This project is supported by a grant awarded by the National Institute of Justice. Points of view in this document are those of the author and do not necessarily represent the official position or policies of the U.S. Department of Justice.

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3. The Non-Profit Center of Milwaukee: www.execpc.com/~npcm 4. The Medical College of Wisconsins Firearm Injury Center: www.mcw.edu/fic 5. Map Milwaukee (the technological predecessor to COMPASS): www.mapmilwaukee.org 6. Milwaukees Annie E. Casey Foundation Making Connections Initiative: www.connectionsmilwaukee.org 7. The Urban Institutes National Neighborhood Indicators Partnership: www.urban.org/nnip 8. The Center for Urban Population and Health 9. The Employment and Training Institute at UW Milwaukee: www.uwm.edu/Dept/ETI This article was authored by Jim Pingel who works in the Office of Mayor John O. Norquist and coordinates and manages Milwaukee's COMPASS Initiative. He can be contacted via e-mail at jpinge@ci.mil.wi.us.

especially Winston-Salem, NC; Memphis, TN; Indianapolis, IN; and Rochester, NY. At the same time, COMPASS, the Non-Profit Center, CUIR, and other institutions are hoping to secure a planning grant to work on tighter collaboration among the data-driven, policy-relevant initiatives in place in Milwaukee (in the interest of space, descriptions of these are forgone, but a list of Web site addresses is provided below). The ultimate vision is a virtual clearinghouse, which will result in Milwaukee taking another huge step toward shared data and the ability to fuel partnerships and inform policy makers with timely, concise, comprehensive analysis of neighborhood conditions and trends. Milwaukees Data-Driven Resources 1. The Milwaukee COMPASS Web site: www.milwaukee.gov/compass 2. UW Milwaukee CUIR: www.uwm.edu/dept/cuir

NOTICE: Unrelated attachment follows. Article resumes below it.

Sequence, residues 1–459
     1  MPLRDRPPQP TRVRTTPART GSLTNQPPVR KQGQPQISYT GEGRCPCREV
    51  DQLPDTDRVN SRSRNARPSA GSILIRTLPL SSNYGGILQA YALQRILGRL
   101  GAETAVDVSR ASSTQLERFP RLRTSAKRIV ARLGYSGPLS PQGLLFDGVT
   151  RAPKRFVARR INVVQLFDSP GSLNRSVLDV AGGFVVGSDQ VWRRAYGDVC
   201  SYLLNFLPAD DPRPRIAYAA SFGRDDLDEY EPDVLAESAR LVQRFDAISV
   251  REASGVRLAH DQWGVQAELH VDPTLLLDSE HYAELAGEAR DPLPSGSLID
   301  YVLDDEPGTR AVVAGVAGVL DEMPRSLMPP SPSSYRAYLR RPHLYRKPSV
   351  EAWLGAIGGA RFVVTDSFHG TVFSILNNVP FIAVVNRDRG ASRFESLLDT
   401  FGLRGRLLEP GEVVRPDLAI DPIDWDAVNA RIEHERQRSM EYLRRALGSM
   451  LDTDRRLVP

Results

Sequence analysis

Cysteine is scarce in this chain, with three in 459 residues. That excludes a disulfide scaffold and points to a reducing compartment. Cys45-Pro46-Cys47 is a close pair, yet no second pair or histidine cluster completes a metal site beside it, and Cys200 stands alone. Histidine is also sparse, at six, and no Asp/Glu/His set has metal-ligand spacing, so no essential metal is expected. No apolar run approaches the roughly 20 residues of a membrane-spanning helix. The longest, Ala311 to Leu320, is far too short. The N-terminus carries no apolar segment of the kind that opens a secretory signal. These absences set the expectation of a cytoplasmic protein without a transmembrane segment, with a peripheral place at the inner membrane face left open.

Memphis, TN Community Safety Information System (CSIS)


The Community Safety Information System (CSIS), housed at the Memphis Police Department (MPD), was developed with funding from the National Institute of Justice as part of the Strategic Approaches to Community Safety Initiative (SACSI) to provide local stakeholders responsible for law enforcement, courts, prosecution, corrections, and probation and parole with immediate access to information needed to respond to criminal activity and develop appropriate and effective interventions. The CSIS represents a data-sharing agreement among fifteen local agencies. Two outgrowths from CSIS have been the creation by MPD of a community access site for crime data called CrimeMapper (www. memphispolice.org) and the development by the University of Memphis Center for Community Criminology and Research of the Memphis and Shelby County Offender Tracking System (MASCOTS), a relational database with system query, reporting, graphing, and mapping capabilities for the Tennessee Board of Probation and Paroles Delta District. Further information can be obtained from Professor Richard Janikowski, rjankwsk@memphis.edu.

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The East Valley COMPASS Project